In my English workbook there is an exercise to match words with their description. I'm confused by the following match that've been made by the authors (I checked it in answers section):

implement - make something that has been decided start to happen

bring about - make something happen

There are examples: implement a change, bring about change.

As for me, implementation sounds more like a whole process from beginning to the end, so I opted for the opposite match.

So could someone please dispel my doubts and explain the difference? Would you agree with such descriptions of the words?

  • The two definitions are not the same. How can we tell what "matches" what? You don't provide any information about that.
    – Lambie
    Jun 28 '18 at 17:05

Bring about is broader, meaning

cause to happen

One way they can bring about political change is by putting pressure on the country.


The agent, as here, may be volitional, but natural causes are equally possible:

The first rain in months brought about mudslides when it hit [areas] that were scorched by ... December's large wildfires.


Implement needs a volitional agent, as it means

put into practical effect; carry out: implement the new procedures {AHD}


carry out; put into action; perform: implement a plan {Collins}

There needs to be a plan / set of rules already in existence, which are put into effect (implemented).


'Change' works with either verb, as it may but need not imply a pre-existing goal.


regarding telicity

Macmillan does not insist that bring about obligatorily refers to a completed effect. Though it gives

bring about

to make something happen, especially to cause changes in a situation

it adds the possibility of an inchoative rather than a telic interpretation:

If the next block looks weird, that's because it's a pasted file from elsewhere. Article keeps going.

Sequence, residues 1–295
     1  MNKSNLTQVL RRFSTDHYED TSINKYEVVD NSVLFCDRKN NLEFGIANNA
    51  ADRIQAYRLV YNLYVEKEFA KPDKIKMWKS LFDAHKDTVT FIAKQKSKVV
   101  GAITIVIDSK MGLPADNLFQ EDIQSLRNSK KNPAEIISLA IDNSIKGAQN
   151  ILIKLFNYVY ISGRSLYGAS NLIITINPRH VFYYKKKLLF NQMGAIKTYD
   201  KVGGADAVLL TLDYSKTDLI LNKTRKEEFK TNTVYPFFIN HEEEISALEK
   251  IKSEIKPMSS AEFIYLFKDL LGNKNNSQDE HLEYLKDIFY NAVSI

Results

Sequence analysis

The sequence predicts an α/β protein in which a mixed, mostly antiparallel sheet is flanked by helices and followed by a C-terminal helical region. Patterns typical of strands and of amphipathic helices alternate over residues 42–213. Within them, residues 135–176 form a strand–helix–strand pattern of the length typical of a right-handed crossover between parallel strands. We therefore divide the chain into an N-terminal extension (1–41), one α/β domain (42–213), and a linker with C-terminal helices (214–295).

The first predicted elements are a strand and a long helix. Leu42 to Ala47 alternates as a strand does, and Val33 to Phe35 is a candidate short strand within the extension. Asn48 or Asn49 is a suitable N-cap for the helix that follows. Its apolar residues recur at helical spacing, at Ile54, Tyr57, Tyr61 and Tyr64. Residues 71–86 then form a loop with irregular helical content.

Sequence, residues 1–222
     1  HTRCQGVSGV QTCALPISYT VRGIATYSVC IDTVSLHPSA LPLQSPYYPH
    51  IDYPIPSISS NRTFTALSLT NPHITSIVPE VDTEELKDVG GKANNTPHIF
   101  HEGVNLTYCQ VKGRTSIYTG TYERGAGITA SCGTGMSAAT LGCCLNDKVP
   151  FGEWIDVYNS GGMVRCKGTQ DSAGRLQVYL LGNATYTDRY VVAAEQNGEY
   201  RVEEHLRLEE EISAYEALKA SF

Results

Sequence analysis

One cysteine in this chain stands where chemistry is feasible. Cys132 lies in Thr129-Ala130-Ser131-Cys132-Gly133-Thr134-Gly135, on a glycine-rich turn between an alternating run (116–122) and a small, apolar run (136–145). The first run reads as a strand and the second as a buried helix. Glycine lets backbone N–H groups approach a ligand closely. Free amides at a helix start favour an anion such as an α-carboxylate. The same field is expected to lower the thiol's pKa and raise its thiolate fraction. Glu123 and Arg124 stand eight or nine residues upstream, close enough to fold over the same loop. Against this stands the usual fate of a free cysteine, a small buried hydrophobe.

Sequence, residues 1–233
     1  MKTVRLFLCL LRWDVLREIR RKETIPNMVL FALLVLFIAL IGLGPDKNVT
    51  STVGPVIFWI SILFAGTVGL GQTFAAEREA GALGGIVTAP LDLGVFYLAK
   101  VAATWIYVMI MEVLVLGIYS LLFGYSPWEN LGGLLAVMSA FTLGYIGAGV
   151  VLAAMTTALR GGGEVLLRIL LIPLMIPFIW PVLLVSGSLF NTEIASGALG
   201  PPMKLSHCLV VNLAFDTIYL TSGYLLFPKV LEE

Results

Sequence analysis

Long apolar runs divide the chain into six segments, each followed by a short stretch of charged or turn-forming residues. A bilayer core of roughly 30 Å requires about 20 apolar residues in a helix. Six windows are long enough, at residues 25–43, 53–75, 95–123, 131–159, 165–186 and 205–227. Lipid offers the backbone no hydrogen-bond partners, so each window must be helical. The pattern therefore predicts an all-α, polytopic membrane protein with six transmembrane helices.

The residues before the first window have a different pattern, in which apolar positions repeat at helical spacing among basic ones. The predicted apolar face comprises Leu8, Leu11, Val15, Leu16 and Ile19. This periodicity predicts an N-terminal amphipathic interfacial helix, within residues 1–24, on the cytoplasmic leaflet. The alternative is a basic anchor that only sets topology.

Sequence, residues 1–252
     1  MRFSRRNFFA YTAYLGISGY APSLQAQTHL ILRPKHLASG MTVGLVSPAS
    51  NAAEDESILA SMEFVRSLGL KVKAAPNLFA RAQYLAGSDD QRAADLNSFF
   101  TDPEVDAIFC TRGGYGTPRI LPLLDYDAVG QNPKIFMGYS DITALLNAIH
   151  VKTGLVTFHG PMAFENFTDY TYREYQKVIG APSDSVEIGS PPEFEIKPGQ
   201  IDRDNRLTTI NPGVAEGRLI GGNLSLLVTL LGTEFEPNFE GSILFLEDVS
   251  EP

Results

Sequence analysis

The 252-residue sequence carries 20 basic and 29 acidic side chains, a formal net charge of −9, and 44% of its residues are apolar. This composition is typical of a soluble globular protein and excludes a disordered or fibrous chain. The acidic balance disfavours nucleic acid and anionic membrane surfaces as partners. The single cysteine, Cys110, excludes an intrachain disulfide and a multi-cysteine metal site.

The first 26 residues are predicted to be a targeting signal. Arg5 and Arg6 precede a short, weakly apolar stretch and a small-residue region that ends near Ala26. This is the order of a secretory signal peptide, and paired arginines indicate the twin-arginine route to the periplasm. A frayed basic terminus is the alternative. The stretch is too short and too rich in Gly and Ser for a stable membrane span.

related words: to make something start to exist or happen: ... trigger ...


For implement, ODO seems only to license a telic (completed change) usage:

implement verb [with object]

Put (a decision, plan, agreement, etc.) into effect.

though CED seems to add an inchoative licensing

to start using a plan or system: The changes to the national health system will be implemented next year.

So while 'implementation means a whole process from beginning to end, a done deal, the completed transformation' (which goes beyond what you're saying) bears thinking about, it is over-prescriptive. I'd say 'bring about' is at least as telically orientated.

  • 'Change' works with either verb - what will be a case when one should be preferred over the other? I can't catch the subtle difference in meaning when the words are put in the same sentence.
    – Lia
    Jun 29 '18 at 8:15
  • 'The ice ages brought about vast changes in the geology of the area' / 'We need to implement these [proposed] changes without further delay'. Jun 29 '18 at 8:27
  • Couldn't it be said: We need to bring about these [proposed] changes without further delay'?
    – Lia
    Jun 29 '18 at 8:33
  • Not if they're changes to the law, say. Use 'We need to implement these newly made changes to the law without further delay' as an unequivocal example. // But I realise that I haven't addressed telicity (related to whether 'implementation sounds more like [it involves] a whole process from beginning to the end' is correct), so I'll add this to the answer. Jun 29 '18 at 8:45

Your Answer

By clicking “Post Your Answer”, you agree to our terms of service, privacy policy and cookie policy

Not the answer you're looking for? Browse other questions tagged or ask your own question.